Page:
Raising Baby Chicks

~Raising Chicks 101~

Ever just git the baby chick bug after you see those adorable fluffy balls of cuteness at the farm store? And you just have to have one... or maybe five?!? Well if that's you, I've got you covered! I'm gonna tell you just how to raise chicks from little's to laying!

First off, when you set out to buy baby chicks at the store, you will want to choose what type of chicken you are wanting, whether you are wanting meat chickens, laying hens or a dual purpose chicken. Then you will want to pick the breed that best suites your wants. There are all types of laying breeds, meat breeds and even adorable bantam breeds. 
Sometimes the store will have "Pullets" which means all the baby chicks will be hens, and sometimes they are all mixed in and you just take a chance on getting some roosters. One time we ended up with four roosters! lol But usually you will get mostly hens and a rooster or two.

You will need some supplies before bringing your chicks home. You can usually get them all from your local farm store when you pick up your chicks. The list is below:
  • Heat Lamp and Bulb
  • Brooder Box - this can be a small animal cage, a storage tub, etc.
  • Chick Waterer
  • Chick Feeder
  • Chick Starter (baby chicken food)
  • Pine shavings 

So what do I do when I get my chicks home?

Well the first thing to do is set up your brooder. Your brooder will need to be fairly roomy to fit the amount of chicks you have. You will also want some form of lid on top if you are using an open tub, so nothing (cats, dogs, etc) can get into your chicks for a tasty meal! It will need to be made of chicen wire or some other form of cage material that has lots of breathability. You can also use a small animal cage (rabbit cage) etc.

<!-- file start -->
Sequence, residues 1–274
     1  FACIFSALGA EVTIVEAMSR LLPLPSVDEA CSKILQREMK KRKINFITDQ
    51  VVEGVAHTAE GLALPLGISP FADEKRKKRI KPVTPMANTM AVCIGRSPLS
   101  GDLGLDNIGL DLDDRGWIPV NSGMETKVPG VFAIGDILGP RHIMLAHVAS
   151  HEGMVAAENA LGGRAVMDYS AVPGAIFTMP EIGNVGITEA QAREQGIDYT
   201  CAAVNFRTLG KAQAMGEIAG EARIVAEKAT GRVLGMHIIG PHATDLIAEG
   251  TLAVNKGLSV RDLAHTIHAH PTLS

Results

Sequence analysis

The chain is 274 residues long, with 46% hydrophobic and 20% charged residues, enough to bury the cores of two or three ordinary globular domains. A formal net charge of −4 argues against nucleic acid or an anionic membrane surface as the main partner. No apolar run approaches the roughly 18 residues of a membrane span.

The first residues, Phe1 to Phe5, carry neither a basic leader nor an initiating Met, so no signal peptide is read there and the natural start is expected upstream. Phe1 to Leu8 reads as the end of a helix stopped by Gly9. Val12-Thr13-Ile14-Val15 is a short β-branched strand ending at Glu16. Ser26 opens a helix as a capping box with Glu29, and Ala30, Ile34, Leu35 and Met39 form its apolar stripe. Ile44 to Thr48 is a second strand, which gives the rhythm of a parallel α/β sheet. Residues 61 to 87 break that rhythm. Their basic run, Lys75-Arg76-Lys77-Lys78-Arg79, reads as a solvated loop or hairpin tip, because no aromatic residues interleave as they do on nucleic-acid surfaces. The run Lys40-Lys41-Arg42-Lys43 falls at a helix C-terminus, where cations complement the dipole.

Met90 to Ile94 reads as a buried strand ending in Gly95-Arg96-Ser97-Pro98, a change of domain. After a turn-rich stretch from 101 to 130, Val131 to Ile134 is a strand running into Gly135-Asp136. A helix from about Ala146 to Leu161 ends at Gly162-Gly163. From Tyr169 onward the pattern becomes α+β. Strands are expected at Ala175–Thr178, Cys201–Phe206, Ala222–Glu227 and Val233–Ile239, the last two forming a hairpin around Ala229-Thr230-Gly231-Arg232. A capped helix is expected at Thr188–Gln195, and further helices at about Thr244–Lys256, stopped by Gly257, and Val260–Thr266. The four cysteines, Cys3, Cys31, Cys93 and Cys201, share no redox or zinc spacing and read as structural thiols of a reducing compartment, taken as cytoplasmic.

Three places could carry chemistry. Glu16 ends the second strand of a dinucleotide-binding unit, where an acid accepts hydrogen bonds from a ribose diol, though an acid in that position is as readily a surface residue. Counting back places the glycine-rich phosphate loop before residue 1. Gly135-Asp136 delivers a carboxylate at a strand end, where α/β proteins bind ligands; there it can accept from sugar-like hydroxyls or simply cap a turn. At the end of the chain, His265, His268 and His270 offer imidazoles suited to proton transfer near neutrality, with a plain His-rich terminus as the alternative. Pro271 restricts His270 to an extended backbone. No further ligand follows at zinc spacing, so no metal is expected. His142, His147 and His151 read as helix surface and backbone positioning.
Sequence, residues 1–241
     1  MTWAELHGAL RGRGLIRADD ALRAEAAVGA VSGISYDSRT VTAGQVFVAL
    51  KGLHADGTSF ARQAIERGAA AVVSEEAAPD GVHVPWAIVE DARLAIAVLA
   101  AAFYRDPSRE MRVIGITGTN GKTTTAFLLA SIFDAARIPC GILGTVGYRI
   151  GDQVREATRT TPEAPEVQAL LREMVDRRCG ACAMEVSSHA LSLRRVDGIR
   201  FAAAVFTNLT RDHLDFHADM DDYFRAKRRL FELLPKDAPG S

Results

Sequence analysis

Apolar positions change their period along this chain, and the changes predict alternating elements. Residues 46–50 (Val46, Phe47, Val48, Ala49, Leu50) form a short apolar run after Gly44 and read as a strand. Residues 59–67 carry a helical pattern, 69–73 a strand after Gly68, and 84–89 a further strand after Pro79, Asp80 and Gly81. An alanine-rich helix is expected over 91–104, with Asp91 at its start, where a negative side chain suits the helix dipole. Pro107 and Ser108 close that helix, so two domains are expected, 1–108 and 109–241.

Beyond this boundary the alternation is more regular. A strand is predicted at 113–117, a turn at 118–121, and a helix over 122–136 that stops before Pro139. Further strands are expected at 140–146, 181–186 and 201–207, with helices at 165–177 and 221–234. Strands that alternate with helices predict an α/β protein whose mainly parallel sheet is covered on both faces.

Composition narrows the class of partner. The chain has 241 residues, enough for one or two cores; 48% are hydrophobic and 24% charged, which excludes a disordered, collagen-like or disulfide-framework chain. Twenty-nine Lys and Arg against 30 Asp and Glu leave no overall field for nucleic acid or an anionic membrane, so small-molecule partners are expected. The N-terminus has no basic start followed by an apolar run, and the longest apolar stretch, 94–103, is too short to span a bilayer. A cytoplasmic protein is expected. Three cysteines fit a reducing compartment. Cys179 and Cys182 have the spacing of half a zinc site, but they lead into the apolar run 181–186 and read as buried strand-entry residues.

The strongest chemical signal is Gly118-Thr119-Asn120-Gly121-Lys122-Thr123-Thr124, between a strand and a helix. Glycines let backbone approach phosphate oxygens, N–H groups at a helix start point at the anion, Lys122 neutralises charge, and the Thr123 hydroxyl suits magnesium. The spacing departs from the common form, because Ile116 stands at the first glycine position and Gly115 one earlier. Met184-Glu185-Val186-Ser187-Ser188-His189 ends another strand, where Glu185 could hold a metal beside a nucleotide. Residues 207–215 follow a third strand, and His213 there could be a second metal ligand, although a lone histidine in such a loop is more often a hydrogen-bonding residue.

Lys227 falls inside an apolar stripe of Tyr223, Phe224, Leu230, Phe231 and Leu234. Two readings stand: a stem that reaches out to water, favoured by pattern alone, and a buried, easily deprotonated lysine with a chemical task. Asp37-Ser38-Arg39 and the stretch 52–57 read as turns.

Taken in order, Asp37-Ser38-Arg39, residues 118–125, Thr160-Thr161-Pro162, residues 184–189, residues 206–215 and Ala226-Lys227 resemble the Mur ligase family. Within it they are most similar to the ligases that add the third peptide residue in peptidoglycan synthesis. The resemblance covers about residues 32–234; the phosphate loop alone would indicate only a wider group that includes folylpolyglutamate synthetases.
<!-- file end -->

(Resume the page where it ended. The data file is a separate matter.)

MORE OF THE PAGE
You'll want to put a layer of pine shavings in the floor of the brooder. These will soak up the urine and also help the chicks stay warm. Then you'll need to fix up their food and water. Make sure you either use a chick waterer or a water dish that is very shallow. Chicks are very messy, so you will probably need to get them fresh water a couple times a day. They also eat a TON! lol 
 The little chicks we are raising right now are "Sex Links" which are a type of cross breed known to be excellent layers. They have been very peppy since day 1 and LOVE their food! They eat like theres no tomorrow. Ok, I actually only fill the bowl twice a day, but it seems like they eat a lot. They are growing like weeds! I buy "Chick Starter" from our local CO-OP in a 50lb bag and it last forever it seems, so it's a good deal.
Ok, so back to it. The most important thing you need to set up will be the "Heat Lamp." It is vital that the chicks stay warm, but not too hot! If they get cold...... and if they get to hot...... well let's just say they might be flying over the rainbow bridge:(

How often should I feed the chicks?